Christmas is a mere nine days away (which means I should REALLY get going on my shopping…). Hanukkah just wrapped up on the 14th. Kwanzaa runs December 26th to January 1st. And even if you don’t celebrate ANY of these holidays, you’ll probably still be invited to a friend’s party or two, get together with family for some large meals, and experience the effects of the season.
The holidays can be tricky living with diabetes. I think they tend to a little more so for our Type 2 brothers and sisters, since we “Type 1ers” can up our insulin a bit and indulge in a few bad food choices more easily than those whose treatment depends on oral medications. Of course, diet, weight, and exercise are important for all of us living with diabetes, so those of us in the Type 1 camp aren’t off the hook when it comes to overeating during the holidays.
And then there’s friends and family. We love our families (most of the time at least). We love our friends. But the holidays have a tendency to bring people into much closer quarters than usual, and in those cramped holiday spaces issues can and do arise. In particular for those of us with diabetes, judgments can start popping up from those around us. How many times has someone asked you across the dinner table, “Are you SURE you want to eat that?” Or maybe the host was about to give you the slice of pie you had planned for, taken insulin for, and calculated into your meal, when a friendly, well-meaning relative told them, “Oh, he can’t eat that — he’s diabetic.”
It can be a little draining after a while. After all, those of us going through this holiday season with diabetes are already navigating the temptations of the season. We know we’ve got to watch what we eat. Every party we attend, every dinner we sit down to, we’ve got a running calculator and commentator already going. That’s enough of a struggle by itself. When the stress of other people’s judgment is piled on top, it can really overwhelm us. So, here are a few tips I’ve come up with over the years to help ease that anxiety and frustration a little bit.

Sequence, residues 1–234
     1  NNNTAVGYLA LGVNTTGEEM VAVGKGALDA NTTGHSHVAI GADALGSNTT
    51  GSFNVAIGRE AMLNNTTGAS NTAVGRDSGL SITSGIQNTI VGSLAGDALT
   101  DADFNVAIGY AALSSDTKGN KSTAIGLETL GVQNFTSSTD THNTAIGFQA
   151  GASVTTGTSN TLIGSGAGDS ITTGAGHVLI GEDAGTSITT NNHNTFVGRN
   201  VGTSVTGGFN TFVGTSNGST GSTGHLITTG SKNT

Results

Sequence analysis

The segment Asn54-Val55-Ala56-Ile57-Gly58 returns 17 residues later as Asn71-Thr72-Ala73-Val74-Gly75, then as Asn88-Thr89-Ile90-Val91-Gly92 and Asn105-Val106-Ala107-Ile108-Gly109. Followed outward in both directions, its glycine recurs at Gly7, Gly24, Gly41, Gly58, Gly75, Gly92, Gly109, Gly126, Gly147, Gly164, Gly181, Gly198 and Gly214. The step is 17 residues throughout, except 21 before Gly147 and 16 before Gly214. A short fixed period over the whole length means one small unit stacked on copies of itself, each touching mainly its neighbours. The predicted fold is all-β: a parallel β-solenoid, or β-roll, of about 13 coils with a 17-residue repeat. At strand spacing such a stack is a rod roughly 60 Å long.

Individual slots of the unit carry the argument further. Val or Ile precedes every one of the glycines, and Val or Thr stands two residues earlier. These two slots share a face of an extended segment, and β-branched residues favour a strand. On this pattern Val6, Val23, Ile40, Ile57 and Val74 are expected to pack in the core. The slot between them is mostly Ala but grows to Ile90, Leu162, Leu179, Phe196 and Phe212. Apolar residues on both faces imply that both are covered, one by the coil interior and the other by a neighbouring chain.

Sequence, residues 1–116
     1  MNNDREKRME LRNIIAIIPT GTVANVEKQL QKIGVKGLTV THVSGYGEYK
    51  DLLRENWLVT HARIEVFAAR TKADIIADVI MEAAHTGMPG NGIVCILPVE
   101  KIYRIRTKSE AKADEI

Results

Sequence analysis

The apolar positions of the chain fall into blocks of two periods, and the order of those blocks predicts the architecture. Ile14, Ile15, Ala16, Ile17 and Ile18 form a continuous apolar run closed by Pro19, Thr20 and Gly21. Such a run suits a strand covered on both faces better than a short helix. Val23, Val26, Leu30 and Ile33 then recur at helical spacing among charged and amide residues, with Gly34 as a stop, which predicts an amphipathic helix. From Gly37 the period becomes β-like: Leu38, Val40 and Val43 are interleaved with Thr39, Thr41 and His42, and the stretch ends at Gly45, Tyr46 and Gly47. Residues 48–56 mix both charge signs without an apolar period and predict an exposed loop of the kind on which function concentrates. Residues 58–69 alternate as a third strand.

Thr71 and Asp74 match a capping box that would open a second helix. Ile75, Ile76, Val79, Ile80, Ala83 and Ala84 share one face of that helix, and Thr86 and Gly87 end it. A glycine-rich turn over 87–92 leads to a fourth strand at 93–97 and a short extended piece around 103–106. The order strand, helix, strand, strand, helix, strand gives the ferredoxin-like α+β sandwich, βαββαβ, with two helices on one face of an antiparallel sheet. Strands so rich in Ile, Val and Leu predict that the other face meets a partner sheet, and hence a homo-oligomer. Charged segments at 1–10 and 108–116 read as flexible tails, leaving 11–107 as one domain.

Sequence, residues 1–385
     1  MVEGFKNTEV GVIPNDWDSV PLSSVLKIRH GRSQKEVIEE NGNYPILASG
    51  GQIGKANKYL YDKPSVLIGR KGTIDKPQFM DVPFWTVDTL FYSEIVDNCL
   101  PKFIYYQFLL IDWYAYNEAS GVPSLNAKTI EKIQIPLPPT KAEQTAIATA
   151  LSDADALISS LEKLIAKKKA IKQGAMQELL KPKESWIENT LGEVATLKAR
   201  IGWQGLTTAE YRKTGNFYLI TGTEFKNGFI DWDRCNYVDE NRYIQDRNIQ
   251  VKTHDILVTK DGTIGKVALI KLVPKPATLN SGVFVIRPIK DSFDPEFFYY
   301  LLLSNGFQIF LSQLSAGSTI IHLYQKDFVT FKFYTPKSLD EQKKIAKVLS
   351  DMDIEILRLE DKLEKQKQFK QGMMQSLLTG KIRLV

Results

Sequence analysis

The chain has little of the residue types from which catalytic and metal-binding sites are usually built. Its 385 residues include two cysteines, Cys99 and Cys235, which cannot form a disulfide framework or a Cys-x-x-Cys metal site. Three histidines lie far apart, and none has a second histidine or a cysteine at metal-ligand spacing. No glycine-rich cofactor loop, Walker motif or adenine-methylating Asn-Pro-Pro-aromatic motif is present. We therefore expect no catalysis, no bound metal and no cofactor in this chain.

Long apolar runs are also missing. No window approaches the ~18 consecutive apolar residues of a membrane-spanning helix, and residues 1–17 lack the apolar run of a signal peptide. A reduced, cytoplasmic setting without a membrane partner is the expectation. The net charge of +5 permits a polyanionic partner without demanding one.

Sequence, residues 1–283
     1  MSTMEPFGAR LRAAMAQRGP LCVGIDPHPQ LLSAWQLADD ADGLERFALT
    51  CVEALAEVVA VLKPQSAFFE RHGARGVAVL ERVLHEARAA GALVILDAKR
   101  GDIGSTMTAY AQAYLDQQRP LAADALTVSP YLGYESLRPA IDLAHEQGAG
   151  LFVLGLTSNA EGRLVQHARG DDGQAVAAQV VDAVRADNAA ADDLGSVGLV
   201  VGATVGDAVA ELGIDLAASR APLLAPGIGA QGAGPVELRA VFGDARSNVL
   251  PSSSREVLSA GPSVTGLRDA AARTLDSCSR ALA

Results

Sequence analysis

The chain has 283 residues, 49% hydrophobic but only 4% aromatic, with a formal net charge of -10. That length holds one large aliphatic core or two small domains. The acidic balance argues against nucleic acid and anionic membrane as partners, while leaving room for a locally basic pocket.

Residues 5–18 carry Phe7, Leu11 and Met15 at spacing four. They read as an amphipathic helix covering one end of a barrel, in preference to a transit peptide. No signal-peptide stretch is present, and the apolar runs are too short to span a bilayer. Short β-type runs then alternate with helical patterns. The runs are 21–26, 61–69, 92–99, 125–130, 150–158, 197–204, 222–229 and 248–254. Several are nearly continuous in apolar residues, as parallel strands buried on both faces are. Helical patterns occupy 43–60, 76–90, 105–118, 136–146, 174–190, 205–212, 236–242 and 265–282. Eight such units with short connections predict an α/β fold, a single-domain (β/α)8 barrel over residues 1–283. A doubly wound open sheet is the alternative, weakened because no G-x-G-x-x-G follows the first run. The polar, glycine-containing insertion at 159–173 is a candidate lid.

1. Remember the season is SHORT!
The holiday season is usually seven days at the most. This is very important to remember. Why? Well, you can deal with just about anything for a few days. Your relatives nosing into your business is annoying, but next week they’ll be back in Florida and you’ll be back to your regular life. Just knowing something is finite goes a long way in helping us let go of the irritation. And second, whatever mistakes you make are isolated. If you had a few blood sugar spikes over the holiday week, that’s really OK! We all have spikes every now and then, and one week of higher numbers really isn’t so bad. You’re not going to live on candy canes, chocolate, and five-course meals all year.
2. Remember the season is about love.
Whatever holiday you celebrate, it’s about love. I hate writing this, because it sounds so unbelievably trite and “self-helpish,” but gratitude goes a long way. Shift your focus. Instead of lamenting the extra slice of cake you had to turn down, enjoy the people around you. Or simply turn inward and be thankful for the food you DID get to enjoy. Keep your focus on what you HAVE, not the small bits you’ve had to turn down. And if you didn’t turn them down, and now your blood sugar spiked a little? Refer to #1.
3. Remember you have a say in all this!
Let the little things go as best you can — it’s really seldom worth it to get into a long conversation with a well-meaning relative who occasionally makes comments about your diabetes that miss the point. But if some really keeps needling and won’t drop it, you don’t have to ignore it, either. This is your chance to provide some education for them. And once they understand that they don’t have to be filled with visions of you being rushed to the hospital every time they see you munching on a small cookie, they’ll probably have no problem dropping the hints and commentary.
So, I hope these little tips can help out. The holidays can be tricky, but with the right strategy and mindset, we can spend MOST of our time simply enjoying the season.
Researchers are investigating a promising method to increase the growth of insulin-producing beta cells. Bookmark DiabetesSelfManagement.com and tune in tomorrow to learn more.